When purchasing a home, one of the standard contingencies is a home appraisal. A professional home appraiser determines the value of the home based on recent sales in the area and the condition and location of the home. The appraiser measures the home, takes pictures, and then prepares a report to send to the bank. The bank wants to make sure it’s comfortable with the home as collateral for your new loan.
If the appraised value is at the contract price, as it often is, then the buyer is able to remove their appraisal contingency and move forward. In today’s hot market, some buyers are deciding to completely waive the appraisal contingency to make their offer more competitive even at the risk of the appraisal coming in low. Other buyers who don’t feel comfortable waiving the appraisal contingency but are willing to pay a fixed amount above the appraisal value might choose to implement an appraisal gap clause.
An appraisal gap clause is a contract term stating that the buyer agrees to bring in additional funds up to a certain amount if the appraisal value is below the contract price. For example, if a buyer agrees to cover an appraisal gap up to $50,000 and offers $725,000 on a home that only appraises at $675,000, then no additional negotiations on the price would be required even though the appraisal came in low.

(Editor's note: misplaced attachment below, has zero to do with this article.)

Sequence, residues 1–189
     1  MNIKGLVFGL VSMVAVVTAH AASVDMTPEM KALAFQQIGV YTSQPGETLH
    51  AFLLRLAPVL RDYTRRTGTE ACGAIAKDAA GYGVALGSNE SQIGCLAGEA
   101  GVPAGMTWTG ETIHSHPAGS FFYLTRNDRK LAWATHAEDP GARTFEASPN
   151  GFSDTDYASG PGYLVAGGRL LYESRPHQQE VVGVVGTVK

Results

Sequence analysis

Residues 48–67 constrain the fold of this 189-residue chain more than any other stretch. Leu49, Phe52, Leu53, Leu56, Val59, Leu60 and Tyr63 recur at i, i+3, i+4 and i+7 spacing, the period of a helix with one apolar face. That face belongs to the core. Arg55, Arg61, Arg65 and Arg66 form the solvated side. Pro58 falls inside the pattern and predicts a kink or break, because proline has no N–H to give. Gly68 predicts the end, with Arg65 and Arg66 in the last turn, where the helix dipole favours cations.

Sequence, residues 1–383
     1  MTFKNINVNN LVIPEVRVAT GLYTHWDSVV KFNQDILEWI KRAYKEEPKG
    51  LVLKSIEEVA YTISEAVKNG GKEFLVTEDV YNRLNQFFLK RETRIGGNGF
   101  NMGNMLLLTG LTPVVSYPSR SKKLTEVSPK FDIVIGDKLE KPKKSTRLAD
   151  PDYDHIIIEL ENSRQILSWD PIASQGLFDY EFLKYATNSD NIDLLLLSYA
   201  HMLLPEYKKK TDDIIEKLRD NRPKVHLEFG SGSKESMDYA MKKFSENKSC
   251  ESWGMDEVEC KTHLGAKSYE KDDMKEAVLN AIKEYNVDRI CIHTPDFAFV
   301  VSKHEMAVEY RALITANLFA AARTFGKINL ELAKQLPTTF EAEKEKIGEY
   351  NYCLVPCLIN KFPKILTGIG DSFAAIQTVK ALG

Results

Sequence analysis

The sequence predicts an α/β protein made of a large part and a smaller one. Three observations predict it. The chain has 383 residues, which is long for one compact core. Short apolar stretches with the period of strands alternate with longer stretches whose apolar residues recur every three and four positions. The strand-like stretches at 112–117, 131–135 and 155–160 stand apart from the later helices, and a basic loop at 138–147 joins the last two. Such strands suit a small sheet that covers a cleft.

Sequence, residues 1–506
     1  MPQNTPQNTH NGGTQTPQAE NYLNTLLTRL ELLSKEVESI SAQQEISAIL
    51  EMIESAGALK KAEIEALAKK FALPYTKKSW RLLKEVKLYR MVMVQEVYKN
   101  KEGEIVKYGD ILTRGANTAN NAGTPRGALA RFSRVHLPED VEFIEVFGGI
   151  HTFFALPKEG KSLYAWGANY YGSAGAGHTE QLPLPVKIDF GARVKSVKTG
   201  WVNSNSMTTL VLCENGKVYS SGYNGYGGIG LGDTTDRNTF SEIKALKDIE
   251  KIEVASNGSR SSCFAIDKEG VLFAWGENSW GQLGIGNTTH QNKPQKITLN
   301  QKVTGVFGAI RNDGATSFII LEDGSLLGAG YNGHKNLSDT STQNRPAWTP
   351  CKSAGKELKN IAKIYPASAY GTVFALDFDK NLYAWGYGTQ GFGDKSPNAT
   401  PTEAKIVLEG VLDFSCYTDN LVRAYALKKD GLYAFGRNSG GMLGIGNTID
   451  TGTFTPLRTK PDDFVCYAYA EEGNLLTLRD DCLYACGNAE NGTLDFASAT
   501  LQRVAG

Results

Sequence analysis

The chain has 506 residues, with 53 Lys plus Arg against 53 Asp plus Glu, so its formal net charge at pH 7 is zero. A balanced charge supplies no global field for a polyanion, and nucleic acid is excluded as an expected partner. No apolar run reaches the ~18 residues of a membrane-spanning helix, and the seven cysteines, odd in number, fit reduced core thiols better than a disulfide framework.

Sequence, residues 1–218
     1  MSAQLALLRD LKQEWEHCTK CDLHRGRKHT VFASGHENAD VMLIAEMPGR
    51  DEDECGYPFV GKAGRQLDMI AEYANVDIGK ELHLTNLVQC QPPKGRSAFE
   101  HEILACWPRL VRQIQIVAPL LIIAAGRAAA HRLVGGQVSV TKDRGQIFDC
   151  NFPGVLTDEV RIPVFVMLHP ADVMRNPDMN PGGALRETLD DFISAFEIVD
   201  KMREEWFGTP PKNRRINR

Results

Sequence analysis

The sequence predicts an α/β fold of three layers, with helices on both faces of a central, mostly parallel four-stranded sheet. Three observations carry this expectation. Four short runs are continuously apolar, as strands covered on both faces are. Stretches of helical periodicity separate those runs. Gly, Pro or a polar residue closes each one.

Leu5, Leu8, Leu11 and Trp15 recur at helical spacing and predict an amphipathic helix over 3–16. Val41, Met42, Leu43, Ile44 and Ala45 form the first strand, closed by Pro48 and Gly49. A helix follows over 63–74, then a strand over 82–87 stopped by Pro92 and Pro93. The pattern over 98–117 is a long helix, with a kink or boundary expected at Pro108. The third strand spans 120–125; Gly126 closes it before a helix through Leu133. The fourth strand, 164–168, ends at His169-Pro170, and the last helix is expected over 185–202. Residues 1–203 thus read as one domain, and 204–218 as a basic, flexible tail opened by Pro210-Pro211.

But let’s say that the contract price is $725,000 and the appraisal comes in at $675,000 but the buyer agreed to cover a gap of up to $20,000. In that scenario, either the buyer could agree to cover the additional gap or the buyer and the seller could negotiate to a new purchase price somewhere in the middle.
Appraisal gaps are just one reason why this can be a very difficult market to navigate. As agents, we’ve seen these situations arise and have walked both buyers and sellers through their options, helping them gather the information they need to make decisions they’re comfortable with. The reason why appraisal gaps have become such a hot topic these days is because home prices are escalating so quickly that appraisers sometimes don’t have comparable sales to support contract prices. Bidding wars are causing offers to go way over asking price.
If you have any questions about appraisals, buying or selling a home, or anything else real estate related, we’d love to help. Give us a call at 562-896-2456.